Controlling shareholder is liable as a transferee for corporate level tax
TAX BLOG |
The U.S. Court of Appeals for the Eleventh Circuit recently affirmed the Tax Court’s decision to hold a controlling shareholder liable for the unpaid corporate-level taxes of the company he sold. The case involved a tax shelter (Midco) transaction designed to eliminate corporate-level tax on the company’s sale of its assets.
The IRS examined the corporation and ultimately assessed tax, penalties and interest on the sale.
The Midco transaction was structured to allow the buyer to get a fair market value basis for the assets purchased and allow the selling corporation to escape tax on the sale and incur no reduction in the proceeds distributed to the controlling shareholder for any corporate-level tax resulting from the sale.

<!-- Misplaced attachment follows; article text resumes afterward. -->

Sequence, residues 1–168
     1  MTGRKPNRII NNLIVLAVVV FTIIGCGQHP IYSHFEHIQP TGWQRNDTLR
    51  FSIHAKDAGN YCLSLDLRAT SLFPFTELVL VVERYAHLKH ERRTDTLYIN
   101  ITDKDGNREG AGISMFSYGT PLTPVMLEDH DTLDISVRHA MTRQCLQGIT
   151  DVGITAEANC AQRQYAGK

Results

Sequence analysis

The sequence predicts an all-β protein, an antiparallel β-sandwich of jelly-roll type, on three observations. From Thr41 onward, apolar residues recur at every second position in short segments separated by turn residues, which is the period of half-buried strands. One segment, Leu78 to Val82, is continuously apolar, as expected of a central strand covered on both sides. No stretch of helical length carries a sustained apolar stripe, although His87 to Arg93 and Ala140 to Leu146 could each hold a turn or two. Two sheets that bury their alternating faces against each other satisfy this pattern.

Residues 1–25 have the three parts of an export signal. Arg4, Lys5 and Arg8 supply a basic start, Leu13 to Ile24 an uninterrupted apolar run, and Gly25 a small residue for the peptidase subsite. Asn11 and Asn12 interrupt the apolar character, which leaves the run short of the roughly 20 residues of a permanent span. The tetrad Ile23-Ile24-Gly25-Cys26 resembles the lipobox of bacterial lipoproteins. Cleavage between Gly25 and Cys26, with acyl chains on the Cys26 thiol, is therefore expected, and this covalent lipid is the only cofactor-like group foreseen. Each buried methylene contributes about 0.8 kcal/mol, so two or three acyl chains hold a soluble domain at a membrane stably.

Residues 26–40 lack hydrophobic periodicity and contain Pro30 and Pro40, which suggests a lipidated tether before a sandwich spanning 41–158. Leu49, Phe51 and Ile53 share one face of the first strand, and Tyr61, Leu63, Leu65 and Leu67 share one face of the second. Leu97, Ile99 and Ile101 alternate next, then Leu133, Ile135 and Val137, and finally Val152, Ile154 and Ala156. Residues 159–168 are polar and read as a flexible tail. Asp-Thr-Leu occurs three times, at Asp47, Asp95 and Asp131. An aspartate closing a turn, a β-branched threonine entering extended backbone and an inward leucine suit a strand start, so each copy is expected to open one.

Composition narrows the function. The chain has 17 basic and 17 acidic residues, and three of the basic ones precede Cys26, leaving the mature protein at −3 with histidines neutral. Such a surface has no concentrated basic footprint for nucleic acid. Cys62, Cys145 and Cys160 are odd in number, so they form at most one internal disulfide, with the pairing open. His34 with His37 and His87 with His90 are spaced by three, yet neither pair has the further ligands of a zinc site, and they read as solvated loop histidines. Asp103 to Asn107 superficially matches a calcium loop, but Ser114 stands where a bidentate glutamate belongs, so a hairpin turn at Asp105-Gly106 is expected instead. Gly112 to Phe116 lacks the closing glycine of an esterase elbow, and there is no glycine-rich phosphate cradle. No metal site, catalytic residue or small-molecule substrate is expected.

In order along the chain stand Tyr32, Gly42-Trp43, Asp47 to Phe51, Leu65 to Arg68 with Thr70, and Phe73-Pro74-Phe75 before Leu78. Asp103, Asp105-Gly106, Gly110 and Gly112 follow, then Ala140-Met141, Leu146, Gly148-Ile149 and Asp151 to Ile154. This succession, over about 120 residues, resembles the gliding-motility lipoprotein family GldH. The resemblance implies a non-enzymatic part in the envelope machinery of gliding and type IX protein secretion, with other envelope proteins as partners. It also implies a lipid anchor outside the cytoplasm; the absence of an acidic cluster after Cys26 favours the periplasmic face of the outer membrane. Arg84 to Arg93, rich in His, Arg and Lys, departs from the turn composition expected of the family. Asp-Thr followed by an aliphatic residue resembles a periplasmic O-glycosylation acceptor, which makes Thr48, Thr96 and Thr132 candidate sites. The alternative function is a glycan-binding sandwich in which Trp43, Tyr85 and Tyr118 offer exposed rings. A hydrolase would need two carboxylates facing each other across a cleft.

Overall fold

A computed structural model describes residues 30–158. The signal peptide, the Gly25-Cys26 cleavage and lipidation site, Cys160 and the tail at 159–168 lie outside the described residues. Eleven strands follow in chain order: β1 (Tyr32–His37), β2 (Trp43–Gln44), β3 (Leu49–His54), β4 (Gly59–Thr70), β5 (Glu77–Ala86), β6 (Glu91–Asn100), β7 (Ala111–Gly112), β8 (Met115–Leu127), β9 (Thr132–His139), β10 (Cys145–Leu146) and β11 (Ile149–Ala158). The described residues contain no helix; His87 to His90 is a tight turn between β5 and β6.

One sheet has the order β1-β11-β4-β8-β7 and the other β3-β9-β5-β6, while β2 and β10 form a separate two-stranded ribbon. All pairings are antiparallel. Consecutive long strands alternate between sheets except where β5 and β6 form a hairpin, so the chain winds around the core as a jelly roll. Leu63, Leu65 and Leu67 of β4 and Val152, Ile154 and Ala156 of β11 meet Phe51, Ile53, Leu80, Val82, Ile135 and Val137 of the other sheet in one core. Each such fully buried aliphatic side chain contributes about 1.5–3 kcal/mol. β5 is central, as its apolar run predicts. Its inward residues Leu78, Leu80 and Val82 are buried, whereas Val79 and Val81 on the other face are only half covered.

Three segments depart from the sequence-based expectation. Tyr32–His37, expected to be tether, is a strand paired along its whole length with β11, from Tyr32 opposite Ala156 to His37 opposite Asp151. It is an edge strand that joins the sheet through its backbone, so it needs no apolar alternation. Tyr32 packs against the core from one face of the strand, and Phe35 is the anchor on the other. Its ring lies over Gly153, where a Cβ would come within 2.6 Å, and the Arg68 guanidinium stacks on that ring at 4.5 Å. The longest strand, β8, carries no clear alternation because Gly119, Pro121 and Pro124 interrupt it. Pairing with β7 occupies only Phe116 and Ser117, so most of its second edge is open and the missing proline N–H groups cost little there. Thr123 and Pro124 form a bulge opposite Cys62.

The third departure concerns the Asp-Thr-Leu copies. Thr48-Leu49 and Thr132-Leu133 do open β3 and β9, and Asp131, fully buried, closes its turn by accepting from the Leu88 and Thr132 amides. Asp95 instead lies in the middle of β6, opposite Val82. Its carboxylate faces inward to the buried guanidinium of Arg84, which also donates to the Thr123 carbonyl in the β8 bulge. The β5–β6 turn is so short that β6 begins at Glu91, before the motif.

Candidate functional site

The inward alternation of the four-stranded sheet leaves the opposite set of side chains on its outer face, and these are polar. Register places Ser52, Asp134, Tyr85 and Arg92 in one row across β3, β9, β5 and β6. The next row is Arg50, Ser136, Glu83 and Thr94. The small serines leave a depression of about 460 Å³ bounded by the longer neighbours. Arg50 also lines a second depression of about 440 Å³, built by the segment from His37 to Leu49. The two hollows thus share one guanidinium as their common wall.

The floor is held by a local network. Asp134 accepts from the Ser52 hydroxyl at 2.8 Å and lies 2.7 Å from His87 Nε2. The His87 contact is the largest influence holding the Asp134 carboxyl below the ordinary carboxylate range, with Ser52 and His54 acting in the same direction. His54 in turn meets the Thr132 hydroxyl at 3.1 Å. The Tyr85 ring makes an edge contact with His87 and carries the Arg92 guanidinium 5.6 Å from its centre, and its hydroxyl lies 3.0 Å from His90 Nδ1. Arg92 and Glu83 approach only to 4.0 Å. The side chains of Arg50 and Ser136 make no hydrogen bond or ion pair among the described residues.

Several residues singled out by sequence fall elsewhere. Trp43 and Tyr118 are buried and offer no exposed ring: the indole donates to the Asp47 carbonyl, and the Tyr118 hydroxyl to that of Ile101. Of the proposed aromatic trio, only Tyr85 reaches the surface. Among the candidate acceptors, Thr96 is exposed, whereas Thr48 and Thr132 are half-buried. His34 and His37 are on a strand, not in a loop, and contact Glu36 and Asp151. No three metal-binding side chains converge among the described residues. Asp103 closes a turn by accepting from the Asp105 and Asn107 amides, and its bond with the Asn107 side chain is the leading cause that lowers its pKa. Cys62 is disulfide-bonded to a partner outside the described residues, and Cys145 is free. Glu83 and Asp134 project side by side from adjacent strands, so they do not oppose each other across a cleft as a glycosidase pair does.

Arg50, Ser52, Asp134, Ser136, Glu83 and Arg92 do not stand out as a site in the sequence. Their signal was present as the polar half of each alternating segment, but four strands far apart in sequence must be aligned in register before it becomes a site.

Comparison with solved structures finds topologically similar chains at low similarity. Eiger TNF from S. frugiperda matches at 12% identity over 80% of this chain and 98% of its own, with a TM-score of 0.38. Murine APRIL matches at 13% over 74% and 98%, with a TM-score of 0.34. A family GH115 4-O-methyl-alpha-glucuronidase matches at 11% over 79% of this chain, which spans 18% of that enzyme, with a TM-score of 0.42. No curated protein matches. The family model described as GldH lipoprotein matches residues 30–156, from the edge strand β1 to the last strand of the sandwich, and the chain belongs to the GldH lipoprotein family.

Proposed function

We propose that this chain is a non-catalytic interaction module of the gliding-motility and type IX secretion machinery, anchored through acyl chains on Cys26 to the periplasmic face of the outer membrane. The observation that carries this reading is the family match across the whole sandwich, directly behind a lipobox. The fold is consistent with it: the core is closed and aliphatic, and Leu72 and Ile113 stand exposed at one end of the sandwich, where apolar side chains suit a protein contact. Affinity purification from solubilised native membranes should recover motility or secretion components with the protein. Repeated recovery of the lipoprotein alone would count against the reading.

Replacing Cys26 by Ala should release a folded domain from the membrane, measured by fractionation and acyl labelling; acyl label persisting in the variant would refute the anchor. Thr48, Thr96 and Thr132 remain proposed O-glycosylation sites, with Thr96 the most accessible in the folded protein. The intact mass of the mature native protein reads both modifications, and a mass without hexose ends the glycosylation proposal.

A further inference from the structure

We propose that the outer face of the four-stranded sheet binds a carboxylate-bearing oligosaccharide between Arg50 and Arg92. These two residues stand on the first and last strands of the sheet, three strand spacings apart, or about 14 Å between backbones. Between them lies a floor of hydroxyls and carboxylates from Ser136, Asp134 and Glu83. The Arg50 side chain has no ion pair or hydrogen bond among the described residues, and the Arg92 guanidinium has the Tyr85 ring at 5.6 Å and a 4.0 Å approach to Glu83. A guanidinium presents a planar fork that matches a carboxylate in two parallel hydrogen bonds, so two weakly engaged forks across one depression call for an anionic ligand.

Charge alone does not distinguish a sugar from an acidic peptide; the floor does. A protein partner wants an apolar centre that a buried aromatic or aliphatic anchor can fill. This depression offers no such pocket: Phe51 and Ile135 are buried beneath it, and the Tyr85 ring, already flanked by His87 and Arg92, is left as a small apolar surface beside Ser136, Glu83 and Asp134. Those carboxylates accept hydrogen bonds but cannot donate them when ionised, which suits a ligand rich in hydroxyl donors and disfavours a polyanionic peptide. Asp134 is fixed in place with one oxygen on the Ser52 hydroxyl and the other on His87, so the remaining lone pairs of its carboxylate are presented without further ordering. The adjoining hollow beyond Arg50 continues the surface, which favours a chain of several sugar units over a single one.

The facts of the transaction are complex and involved the use of an intermediary to shelter gain on the sale of the assets by transferring distressed debt to the selling company, creating losses that absorbed the built-in gain on the asset sale. The transaction and post-sale distribution of the proceeds rendered the company insolvent.
The Tax Court found, and the Court of Appeals confirmed, that the IRS could collect from the controlling shareholder (transferee) based on the applicable state law that recognized the transfers as fraudulent.
Taxpayers who are contemplating similar transactions should be aware of potential exposure as transferees if the sale of assets, followed by a distribution of the proceeds, renders the company insolvent and unable to pay its tax liability.